PAHO’s support in active Malaria surveillance and case detection
Suriname has done exceptionally well in moving toward Malaria elimination and has won the award of Malaria Champion of the Americas three times. While proud of these achievements, Dr. Hiwat described the feeling as a double-edged sword, with the other end being the fragility that comes from being a country with almost no cases surrounded by countries with high transmission numbers. Anytime anyone enters the country with Malaria, the disease can be reintroduced with the risk of a potential outbreak. Thanks to PAHO’s support, a swift response to these detected imported malaria cases by active surveillance, as well as classification and management of these cases, is made possible.
Active surveillance of Malaria is now even better managed with the introduction of the DHIS2 database that PAHO provided technical cooperation for. This online platform makes data input as well as access to this data possible in real-time, which is especially important in the field, where tablets can be used for this. This enables time between case detection and response to be shortened significantly”, said Dr. Hiwat.
At the moment, the system is still in the pilot phase, being utilized by hospitals and the Medical Mission clinics until ready to launch across the country. In 2021, there have only been 24 registered national cases of malaria in Suriname.
In addition to providing support for case investigation and management, PAHO also provides technical assistance for the development of protocols for outbreak prevention and response, as part of the Diagnostics, Treatment, Investigation and Response Strategy (DTIR). Furthermore, PAHO supports capacity building, with the Malaria Program providing many (refresher) trainings, and with the continuous collaborative development of guidelines and protocols.
Currently, the Surveillance Manual is being developed, as well as the Quality Assessment and Quality Control for Malaria Diagnostics. For these projects, there are regular meetings with PAHO counterparts, where the documents are thoroughly screened to make sure they are in line with WHO guidelines, and are localized and made context appropriate to support Malaria elimination in Suriname.”, elaborated Dr. Hiwat.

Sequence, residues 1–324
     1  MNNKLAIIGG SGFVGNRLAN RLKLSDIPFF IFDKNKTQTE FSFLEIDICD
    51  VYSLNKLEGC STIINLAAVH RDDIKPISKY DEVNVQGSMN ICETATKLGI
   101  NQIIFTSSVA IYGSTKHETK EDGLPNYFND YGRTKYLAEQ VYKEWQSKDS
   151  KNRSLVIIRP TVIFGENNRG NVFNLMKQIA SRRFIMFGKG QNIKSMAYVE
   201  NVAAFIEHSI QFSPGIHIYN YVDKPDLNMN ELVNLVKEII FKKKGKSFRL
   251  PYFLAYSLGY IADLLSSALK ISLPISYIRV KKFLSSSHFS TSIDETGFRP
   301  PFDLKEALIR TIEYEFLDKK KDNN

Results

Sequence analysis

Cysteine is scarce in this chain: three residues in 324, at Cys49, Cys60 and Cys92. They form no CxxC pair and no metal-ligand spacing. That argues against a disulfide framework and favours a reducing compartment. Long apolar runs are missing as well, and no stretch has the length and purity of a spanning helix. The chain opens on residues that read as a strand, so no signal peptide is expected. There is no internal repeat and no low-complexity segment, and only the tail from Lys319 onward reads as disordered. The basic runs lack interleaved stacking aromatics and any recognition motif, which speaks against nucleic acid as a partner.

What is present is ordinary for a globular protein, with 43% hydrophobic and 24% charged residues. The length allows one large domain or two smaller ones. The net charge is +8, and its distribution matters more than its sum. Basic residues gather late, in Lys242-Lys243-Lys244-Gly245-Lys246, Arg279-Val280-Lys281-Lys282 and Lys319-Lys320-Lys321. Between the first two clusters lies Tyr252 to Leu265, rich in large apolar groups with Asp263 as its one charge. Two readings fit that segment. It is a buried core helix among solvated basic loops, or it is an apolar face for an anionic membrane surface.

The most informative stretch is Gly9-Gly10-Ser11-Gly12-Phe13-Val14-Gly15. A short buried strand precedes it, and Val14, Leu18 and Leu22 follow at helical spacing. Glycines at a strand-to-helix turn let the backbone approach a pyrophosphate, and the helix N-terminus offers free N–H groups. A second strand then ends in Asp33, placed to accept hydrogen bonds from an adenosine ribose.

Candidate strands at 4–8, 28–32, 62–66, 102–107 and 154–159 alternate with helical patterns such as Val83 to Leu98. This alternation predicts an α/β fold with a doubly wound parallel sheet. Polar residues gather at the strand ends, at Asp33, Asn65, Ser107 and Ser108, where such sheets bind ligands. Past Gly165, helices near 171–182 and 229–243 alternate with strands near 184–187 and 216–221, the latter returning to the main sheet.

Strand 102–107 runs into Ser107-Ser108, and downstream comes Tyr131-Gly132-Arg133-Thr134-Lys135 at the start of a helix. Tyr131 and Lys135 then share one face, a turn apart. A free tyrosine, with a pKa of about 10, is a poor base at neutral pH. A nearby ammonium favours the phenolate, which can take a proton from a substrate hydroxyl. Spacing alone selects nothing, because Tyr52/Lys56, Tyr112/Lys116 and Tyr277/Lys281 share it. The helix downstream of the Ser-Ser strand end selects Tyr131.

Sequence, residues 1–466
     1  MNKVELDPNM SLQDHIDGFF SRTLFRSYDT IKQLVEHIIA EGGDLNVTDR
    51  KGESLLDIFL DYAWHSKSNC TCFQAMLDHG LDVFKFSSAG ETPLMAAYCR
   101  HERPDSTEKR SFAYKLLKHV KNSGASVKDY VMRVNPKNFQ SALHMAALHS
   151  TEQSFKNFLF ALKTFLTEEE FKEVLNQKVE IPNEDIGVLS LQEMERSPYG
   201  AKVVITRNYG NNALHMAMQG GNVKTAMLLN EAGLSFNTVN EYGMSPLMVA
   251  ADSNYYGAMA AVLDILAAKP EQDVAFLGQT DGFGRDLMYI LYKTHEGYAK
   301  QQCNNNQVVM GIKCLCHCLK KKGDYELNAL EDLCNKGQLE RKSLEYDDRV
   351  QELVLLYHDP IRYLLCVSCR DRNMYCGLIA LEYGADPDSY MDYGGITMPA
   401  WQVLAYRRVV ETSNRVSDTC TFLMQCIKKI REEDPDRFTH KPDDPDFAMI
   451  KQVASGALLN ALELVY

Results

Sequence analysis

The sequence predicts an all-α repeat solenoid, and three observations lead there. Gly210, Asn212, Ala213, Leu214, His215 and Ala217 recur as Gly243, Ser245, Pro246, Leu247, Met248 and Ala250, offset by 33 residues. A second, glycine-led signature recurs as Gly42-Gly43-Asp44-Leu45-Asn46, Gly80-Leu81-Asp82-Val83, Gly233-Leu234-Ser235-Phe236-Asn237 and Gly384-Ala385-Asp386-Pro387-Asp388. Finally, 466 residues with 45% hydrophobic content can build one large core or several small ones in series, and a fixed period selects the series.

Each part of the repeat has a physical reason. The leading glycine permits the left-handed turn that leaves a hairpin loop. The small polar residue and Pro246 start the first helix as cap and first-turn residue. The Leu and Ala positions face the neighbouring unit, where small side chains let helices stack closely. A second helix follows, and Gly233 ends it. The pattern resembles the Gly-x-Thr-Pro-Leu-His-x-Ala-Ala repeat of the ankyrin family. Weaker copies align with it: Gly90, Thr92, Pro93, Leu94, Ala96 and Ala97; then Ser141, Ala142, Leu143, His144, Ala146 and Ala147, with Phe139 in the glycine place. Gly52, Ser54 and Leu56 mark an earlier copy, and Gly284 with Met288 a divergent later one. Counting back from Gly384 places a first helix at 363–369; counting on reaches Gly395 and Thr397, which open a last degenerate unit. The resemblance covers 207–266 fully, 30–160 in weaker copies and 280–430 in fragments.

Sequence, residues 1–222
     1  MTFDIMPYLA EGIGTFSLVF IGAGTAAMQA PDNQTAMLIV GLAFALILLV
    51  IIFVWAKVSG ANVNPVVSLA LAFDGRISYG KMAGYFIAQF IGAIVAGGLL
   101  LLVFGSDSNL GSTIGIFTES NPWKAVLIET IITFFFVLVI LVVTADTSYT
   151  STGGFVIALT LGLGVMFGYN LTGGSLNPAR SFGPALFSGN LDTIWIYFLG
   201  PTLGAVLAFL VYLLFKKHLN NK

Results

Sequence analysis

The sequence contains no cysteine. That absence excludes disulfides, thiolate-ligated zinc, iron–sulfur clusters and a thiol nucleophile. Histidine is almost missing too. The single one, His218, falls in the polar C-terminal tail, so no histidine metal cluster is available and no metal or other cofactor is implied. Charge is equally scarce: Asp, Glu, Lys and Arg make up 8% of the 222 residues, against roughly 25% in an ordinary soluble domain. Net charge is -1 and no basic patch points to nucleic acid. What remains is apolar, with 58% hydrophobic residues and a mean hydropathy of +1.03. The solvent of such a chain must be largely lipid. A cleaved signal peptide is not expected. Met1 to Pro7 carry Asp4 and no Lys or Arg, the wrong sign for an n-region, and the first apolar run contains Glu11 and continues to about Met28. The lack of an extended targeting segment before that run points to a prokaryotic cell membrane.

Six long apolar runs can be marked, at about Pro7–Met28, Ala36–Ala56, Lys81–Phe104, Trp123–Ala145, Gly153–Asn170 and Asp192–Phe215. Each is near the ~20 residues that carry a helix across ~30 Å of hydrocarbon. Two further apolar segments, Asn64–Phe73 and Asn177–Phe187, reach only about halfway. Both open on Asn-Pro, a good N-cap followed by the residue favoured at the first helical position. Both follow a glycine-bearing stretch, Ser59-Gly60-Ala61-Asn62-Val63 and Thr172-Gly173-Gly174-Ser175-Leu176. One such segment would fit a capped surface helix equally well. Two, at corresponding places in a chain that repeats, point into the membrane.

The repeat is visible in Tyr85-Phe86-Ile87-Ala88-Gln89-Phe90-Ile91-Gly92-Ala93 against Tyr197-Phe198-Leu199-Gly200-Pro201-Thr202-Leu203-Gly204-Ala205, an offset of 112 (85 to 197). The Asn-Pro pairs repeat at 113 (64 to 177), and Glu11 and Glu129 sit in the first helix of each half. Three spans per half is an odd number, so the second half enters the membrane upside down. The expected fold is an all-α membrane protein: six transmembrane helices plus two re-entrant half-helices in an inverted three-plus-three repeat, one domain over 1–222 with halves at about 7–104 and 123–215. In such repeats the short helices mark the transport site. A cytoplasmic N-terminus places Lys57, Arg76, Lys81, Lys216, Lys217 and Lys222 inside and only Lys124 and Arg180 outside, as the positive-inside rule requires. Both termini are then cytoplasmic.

Integrating Malaria interventions with COVID-19 prevention in the interior.
The COVID-19 pandemic brought its share of challenges to the Malaria program. Lockdowns and curfews made it much harder to operate, but thankfully having community health workers in the field on a continuous basis allowed the work to be continued. Support was provided by PAHO both for the malaria and covid19 interventions. The decision of the Malaria Program to also provide support for the COVID-19 response in the interior, was initially made to assist the Ministry of Health in reaching the Malaria Programs target group, which are mobile migrant workers in remote gold mining sites. This population is not accessing health care services very well, and is at risk of not being reached with COVID19 prevention and management interventions. The already existing Malaria Program network and relations within this challenging population allowed for improved access for COVID19 interventions. The integrated malaria and COVID-19 related missions were successfully conducted in collaboration with the Medical Mission and PAHO. Integration also enabled the Malaria Program to continue the malaria interventions uninterrupted. In 2020, the Malaria Program clinic (TropClinic) in Paramaribo also began operating as a COVID-19 swab post and in 2021 as a vaccination site.
“The relationship between the Malaria Programme and the PAHO Country Office in Suriname, as well as the PAHO Regional Office has always been very good, and we have been able to implement very much in the past years, which we are extremely grateful for”, concluded Dr. Hiwat.